We all love to be proven right when there is a conflict. In so many ways we connect with winning. When our buttons are pushed and a disagreement is the result, we want to win. The problem with winning, especially in marriage, means someone loses and I am not sure that’s our ultimate goal.

 

There are times when we simply must allow ourselves not to take the bait and overlook the need to be right. Most times, peace is more important than pursuing the need to prove ourselves or to win. Backing down can be the most loving and powerful thing we can do for our marriage. After all, who wants to be miserable after being proven right, by going to bed angry? The need to be right, if pursued religiously, can bring destruction to our relationship.

 

Consider Proverbs 17:14, “Starting a quarrel is like opening a floodgate, so stop before a dispute breaks out.”

 

“So, stop before…” You’re beginning to raise your voice and your heart is beating faster all the while Proverbs says to just stop. How do we do that? Begin by recognizing the inward conversation you’re having with yourself. Conversations like, “You can’t let her get away with that or, go ahead and interrupt him and let him have the facts.”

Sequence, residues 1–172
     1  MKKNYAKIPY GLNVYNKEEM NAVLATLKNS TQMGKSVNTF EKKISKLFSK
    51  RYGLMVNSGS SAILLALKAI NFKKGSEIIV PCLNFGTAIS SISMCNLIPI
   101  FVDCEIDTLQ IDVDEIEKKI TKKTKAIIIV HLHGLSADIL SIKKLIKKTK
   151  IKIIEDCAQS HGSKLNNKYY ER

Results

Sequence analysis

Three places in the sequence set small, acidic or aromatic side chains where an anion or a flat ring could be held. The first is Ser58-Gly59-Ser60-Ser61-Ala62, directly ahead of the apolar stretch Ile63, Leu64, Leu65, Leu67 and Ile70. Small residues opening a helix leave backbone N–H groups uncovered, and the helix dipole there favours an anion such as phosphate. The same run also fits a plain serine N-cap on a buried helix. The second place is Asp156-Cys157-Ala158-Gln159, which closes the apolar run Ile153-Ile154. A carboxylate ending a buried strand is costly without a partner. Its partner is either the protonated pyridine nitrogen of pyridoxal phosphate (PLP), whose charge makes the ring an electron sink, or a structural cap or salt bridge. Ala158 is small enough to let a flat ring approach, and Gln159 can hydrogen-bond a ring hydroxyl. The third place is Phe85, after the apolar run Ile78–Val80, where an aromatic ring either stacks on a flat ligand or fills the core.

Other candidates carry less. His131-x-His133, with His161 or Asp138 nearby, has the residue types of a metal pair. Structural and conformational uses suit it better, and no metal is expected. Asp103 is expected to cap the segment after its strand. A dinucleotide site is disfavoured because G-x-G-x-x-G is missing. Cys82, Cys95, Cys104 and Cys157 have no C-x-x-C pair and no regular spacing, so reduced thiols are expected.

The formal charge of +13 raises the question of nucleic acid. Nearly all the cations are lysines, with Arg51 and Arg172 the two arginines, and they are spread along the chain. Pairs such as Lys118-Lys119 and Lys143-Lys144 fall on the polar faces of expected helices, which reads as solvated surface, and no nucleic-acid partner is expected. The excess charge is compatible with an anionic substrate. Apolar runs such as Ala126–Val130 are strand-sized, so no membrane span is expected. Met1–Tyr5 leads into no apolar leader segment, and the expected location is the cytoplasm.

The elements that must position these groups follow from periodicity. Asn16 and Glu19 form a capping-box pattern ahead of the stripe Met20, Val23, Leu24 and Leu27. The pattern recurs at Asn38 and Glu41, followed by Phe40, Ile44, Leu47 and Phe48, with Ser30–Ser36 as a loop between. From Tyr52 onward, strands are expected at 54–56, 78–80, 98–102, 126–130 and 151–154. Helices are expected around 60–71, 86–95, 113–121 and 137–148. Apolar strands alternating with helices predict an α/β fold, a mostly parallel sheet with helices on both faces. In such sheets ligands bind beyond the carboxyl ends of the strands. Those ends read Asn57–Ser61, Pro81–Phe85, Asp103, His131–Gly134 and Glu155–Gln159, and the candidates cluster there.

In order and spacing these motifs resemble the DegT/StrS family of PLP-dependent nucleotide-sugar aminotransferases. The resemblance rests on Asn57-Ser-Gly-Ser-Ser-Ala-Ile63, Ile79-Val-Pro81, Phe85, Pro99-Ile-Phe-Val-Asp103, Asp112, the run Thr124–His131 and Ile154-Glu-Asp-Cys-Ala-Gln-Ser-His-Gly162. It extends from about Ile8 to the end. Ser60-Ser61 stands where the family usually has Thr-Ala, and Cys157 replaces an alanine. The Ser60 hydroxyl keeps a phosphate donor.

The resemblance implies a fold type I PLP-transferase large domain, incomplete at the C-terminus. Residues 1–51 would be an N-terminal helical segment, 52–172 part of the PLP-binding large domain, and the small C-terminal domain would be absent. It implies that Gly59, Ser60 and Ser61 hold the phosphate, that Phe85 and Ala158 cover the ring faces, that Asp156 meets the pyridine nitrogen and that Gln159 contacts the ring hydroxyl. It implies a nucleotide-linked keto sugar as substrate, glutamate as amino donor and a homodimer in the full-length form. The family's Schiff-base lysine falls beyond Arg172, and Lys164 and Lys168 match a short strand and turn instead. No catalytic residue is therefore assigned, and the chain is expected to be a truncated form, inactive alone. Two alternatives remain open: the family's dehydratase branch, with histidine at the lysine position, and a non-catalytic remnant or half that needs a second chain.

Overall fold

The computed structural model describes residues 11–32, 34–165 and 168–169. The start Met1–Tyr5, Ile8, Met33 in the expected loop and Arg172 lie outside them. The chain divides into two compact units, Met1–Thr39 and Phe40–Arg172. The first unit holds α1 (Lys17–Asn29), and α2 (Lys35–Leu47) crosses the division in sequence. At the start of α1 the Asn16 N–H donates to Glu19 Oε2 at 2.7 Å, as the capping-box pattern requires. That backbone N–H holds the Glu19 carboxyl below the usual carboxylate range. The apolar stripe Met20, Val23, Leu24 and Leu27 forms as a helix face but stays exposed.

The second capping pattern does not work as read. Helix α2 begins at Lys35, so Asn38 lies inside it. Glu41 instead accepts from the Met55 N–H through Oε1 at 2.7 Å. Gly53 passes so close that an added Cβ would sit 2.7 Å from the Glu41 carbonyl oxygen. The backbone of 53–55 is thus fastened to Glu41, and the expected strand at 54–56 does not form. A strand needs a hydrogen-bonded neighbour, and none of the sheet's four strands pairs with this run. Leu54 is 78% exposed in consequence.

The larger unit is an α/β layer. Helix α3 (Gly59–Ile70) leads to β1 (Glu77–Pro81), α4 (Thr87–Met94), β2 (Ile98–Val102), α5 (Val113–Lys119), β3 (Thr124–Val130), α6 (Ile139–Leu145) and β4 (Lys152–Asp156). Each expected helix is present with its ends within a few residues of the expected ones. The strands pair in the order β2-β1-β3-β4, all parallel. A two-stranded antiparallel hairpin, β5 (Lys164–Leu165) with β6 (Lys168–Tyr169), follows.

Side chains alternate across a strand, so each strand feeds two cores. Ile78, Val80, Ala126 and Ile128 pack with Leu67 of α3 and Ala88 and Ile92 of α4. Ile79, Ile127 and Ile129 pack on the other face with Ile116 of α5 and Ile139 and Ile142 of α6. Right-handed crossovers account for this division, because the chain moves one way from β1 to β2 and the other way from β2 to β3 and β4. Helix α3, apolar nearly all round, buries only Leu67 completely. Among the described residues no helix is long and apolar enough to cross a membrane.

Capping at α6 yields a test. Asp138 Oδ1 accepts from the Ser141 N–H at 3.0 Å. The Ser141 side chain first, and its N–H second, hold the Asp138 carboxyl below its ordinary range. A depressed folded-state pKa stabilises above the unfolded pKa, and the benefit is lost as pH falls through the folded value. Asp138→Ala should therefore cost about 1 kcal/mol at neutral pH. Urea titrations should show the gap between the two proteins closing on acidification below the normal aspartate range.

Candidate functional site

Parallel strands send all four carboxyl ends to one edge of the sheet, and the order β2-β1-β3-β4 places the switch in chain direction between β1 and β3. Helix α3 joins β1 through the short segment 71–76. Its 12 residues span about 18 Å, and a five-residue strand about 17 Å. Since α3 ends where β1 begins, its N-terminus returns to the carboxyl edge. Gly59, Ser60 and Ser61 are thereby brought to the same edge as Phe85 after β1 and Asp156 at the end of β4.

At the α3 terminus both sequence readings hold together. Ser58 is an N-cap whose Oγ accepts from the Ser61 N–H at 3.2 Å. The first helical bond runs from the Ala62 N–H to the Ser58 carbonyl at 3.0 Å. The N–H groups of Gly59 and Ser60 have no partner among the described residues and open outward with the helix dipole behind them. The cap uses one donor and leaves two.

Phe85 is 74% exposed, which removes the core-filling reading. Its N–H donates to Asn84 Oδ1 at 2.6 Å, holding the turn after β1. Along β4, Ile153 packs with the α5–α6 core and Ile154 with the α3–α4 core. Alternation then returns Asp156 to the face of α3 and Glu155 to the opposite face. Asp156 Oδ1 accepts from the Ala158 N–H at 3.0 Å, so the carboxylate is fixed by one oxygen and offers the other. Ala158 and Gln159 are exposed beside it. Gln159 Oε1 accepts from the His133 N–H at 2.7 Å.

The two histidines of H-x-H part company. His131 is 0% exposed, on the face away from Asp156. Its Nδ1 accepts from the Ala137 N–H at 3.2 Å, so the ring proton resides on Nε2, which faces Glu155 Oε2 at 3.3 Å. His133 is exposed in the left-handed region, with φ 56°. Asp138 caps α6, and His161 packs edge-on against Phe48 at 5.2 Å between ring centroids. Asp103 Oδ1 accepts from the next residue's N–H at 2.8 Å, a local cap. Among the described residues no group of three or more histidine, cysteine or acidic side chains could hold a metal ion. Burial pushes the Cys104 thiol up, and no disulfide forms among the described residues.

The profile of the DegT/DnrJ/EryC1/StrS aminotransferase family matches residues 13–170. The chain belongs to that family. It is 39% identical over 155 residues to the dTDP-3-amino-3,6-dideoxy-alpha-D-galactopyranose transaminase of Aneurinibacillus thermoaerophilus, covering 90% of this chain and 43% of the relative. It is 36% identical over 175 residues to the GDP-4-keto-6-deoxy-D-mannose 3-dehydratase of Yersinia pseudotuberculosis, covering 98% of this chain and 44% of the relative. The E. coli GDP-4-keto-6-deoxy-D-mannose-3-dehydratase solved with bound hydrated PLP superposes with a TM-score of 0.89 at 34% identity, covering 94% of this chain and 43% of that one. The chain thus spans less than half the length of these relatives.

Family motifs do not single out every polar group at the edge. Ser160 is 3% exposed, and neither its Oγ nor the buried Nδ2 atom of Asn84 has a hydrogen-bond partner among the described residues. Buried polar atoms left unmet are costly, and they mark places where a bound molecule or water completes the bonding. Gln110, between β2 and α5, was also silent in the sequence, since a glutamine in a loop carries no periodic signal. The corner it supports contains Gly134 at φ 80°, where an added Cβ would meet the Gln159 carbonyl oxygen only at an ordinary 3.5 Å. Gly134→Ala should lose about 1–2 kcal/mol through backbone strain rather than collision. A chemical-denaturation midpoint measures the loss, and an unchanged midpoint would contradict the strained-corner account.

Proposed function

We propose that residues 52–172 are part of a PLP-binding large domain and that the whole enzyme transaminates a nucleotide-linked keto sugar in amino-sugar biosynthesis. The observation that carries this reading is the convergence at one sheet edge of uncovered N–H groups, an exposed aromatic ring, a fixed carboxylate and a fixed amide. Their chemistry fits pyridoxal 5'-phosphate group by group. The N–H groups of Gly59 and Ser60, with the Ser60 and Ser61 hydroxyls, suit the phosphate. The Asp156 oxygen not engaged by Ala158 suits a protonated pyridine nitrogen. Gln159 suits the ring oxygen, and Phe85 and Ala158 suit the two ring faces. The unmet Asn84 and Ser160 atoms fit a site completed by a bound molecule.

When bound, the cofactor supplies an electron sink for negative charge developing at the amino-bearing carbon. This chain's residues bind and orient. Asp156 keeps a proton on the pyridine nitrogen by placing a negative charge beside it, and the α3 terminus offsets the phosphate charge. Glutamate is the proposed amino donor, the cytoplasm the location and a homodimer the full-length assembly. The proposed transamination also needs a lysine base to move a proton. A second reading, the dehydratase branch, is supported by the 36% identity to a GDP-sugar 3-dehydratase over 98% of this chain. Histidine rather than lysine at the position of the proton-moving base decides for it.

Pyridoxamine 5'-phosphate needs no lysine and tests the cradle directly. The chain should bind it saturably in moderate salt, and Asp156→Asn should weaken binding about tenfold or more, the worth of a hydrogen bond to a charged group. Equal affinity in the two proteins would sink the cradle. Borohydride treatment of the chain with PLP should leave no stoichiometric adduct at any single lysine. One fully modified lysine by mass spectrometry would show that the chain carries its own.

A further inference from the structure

Secondly, do we want to be right or do we want to be in relationship? That is a choice we have to make at times. Recently, I had a false accusation leveled at me. Believe me, I thought of ten ways to respond and to make a defense as to why it wasn’t true. But I also knew that if I responded, the accusations would continue because most likely this person would not back down.

 

Laying down one’s ego is not easy and if it means keeping your mouth closed, it becomes even more difficult. We need not answer every critic and we need not to prove ourselves to anyone. When we do, we’ll find ourselves in an endless trap of words that leads to even more buttons being pushed.

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Challenge, Issues of the Day, Marriage, Men, Pornography, Postmarital, Women

The Pain of an Affairing Spouse

My wife, Mary, and I were on a plane traveling to the Northwest and it was the dead of winter.  We were conducting our first weekend marriage seminar in this frozen, sub-zero state.  We jumped off the plane and onto the small airport tarmac to be greeted by the coldest wind we’ve ever felt.  Our eyes began to water and our noses started to run.